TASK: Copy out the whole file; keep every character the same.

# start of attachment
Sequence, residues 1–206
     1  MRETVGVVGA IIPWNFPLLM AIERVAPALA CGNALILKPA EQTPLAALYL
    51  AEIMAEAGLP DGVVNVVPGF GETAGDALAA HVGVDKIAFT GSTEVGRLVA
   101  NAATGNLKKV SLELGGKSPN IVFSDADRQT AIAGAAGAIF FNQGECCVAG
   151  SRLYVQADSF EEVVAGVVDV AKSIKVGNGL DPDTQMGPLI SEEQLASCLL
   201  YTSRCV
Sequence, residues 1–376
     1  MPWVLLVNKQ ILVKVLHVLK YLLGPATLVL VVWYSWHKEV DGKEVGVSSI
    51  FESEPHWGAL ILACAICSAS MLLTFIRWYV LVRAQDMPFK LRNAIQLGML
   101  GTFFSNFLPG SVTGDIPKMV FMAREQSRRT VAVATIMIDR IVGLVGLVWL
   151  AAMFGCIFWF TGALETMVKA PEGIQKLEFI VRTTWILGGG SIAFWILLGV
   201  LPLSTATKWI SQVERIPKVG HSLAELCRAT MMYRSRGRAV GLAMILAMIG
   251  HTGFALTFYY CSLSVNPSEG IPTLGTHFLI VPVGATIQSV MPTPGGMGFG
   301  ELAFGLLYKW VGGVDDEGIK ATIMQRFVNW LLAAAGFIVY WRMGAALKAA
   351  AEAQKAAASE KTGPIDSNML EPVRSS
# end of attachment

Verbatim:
Sequence, residues 1–206
     1  MRETVGVVGA IIPWNFPLLM AIERVAPALA CGNALILKPA EQTPLAALYL
    51  AEIMAEAGLP DGVVNVVPGF GETAGDALAA HVGVDKIAFT GSTEVGRLVA
   101  NAATGNLKKV SLELGGKSPN IVFSDADRQT AIAGAAGAIF FNQGECCVAG
   151  SRLYVQADSF EEVVAGVVDV AKSIKVGNGL DPDTQMGPLI SEEQLASCLL
   201  YTSRCV
Sequence, residues 1–376
     1  MPWVLLVNKQ ILVKVLHVLK YLLGPATLVL VVWYSWHKEV DGKEVGVSSI
    51  FESEPHWGAL ILACAICSAS MLLTFIRWYV LVRAQDMPFK LRNAIQLGML
   101  GTFFSNFLPG SVTGDIPKMV FMAREQSRRT VAVATIMIDR IVGLVGLVWL
   151  AAMFGCIFWF TGALETMVKA PEGIQKLEFI VRTTWILGGG SIAFWILLGV
   201  LPLSTATKWI SQVERIPKVG HSLAELCRAT MMYRSRGRAV GLAMILAMIG
   251  HTGFALTFYY CSLSVNPSEG IPTLGTHFLI VPVGATIQSV MPTPGGMGFG
   301  ELAFGLLYKW VGGVDDEGIK ATIMQRFVNW LLAAAGFIVY WRMGAALKAA
   351  AEAQKAAASE KTGPIDSNML EPVRSS